Editorial: The Right to Bear Paddles

Imagine a smiling figure walking to the front of a crowded hall. Those nearby slap him on the back while the rest cheer. Stepping onto a stage he squints into rapid-fire camera flashes.

He grabs a paddle, raises it above his head and tells the crowd that if someone wants to take the paddle from him they will have to pry it from his “cold, dead hands.” The crowd roars; the politicians fall in line.

You probably have an easier time picturing a gun-toting Charlton Heston—movie star and former president of the National Rifle Association—in this situation rather than Paddle Canada president Richard Alexander. Here’s hoping Paddle Canada finds a way to put a little NRA firepower into its organization. The time may be coming.

As reported in the Summer 2008 issue of Canoeroots, Paddle Canada has entered a braided section of river and chosen what it hopes is the channel with the strongest current.

At first we were gun-shy about reporting on Paddle Canada’s political manoeuvres. Paddle Canada owns Kanawa magazine and the Waterwalker Film Festival, two ventures that compete, however politely, with Rapid Media’s magazines and our Reel Paddling Film Festival. We were wary of being seen as biased, but in researching the story I came to appreciate its importance.


Paddle Canada was formed in 1976 to promote four pillars of recreational paddling: instruction, safety, environmental awareness and appreciation of our paddling heritage. It had struggled lately and some doubted it could continue fulfilling any part of its mandate. The 2006 sale of its member-built Ron Johnstone Paddling Centre headquarters and the liquidation of its inventory of boats, computers, staplers and a few paper clips fuelled the worries.

Alexander told me Paddle Canada will run a surplus this year for the first time in five years. He understandably feels a huge sense of accomplishment and credits the strength of the money-generating instructional program. But when I asked about the other quarters of Paddle Canada’s mandate the conversation slowed while we checked the website to remind ourselves what they were.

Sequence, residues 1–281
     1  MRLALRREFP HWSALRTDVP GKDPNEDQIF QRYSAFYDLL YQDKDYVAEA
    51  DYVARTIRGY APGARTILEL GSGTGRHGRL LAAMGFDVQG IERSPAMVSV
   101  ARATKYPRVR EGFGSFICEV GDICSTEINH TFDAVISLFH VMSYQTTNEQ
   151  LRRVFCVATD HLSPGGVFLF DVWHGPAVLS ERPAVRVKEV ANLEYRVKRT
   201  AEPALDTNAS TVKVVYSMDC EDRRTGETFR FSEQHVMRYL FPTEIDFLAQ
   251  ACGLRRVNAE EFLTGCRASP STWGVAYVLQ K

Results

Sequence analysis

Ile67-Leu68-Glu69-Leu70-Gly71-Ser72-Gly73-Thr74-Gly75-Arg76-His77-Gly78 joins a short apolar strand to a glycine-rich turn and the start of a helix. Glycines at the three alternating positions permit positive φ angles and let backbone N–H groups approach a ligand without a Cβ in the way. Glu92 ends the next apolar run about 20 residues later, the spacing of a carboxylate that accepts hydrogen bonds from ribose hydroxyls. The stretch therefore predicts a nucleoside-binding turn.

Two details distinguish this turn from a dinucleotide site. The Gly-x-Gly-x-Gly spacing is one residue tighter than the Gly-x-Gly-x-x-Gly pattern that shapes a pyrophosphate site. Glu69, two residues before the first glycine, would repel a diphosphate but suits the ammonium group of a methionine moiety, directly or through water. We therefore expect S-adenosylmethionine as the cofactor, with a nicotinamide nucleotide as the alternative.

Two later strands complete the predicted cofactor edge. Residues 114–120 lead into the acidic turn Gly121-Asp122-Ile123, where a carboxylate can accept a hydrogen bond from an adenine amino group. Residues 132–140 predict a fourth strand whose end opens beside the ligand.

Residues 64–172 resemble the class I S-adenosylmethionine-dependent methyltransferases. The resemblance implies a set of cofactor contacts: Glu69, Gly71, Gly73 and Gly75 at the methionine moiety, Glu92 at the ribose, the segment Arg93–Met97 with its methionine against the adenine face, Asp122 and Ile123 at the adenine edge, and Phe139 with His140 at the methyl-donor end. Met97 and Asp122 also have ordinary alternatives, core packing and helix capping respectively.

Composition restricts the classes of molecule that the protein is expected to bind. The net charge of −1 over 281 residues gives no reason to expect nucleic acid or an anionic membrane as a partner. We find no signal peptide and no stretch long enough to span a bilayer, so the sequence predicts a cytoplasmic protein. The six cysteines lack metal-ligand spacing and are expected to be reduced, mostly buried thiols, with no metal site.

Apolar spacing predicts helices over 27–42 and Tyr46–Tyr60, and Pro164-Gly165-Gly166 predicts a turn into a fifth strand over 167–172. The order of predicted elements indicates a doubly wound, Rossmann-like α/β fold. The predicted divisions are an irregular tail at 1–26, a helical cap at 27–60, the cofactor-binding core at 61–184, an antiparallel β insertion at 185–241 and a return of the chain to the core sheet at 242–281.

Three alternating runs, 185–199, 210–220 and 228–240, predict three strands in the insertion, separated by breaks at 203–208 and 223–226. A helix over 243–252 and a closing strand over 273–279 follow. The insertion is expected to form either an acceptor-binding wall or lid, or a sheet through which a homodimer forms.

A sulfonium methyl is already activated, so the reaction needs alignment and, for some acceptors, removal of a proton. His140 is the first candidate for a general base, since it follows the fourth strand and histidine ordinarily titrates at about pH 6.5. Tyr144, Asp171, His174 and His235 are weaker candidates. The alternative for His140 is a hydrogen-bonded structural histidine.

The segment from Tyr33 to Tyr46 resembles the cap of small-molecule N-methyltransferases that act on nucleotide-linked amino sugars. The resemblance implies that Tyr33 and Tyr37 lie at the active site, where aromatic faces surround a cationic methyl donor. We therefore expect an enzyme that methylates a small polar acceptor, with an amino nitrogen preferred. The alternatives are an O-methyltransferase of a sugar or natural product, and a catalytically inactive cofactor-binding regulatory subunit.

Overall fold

“Advocacy and lobbying are not primary purposes of this paddling organization,” explained Alexander.

Perhaps not now, but if Alexander continues to strengthen Paddle Canada, why couldn’t they become more a part of its purpose? Imagine for a moment if paddlers had a vehicle for wielding political influence. That’s where the famous scene with Charlton Heston comes in (the one from the NRA convention, not when he finds the Statue of Liberty on the beach in Planet of the Apes and goes ape).

The NRA marshals more than four million members, claims an 86 per cent success rate in helping the politicians it endorses get elected and is routinely ranked by members of Congress as the most powerful lobby group in the United States.

Paddle Canada could be similarly influential. After all, if the NRA can convince politi- cians not to renew a ban on semi-automatic assault rifles, which it did in 2004, then surely an activist paddling organization could lobby for more palatable things like fewer dams, more parks, rights of access and a halt to the creep of canoe licencing fees.

If we found our voice we could have politicians pandering to canoe-owning voters by promising chain gangs for portage clearing and long weekends every other week from May to October. Wide-brimmed Tilley hats would become a symbol of power and prestige.

What’s more, if we model ourselves after gun owners, our bumper stickers would become way more interesting. 

This article on Paddle Canada was published in the Summer 2008 issue of Canoeroots magazine.This article first appeared in the Summer 2008 issue of Canoeroots Magazine. For more great content, subscribe to Canoeroots’ print and digital editions here.


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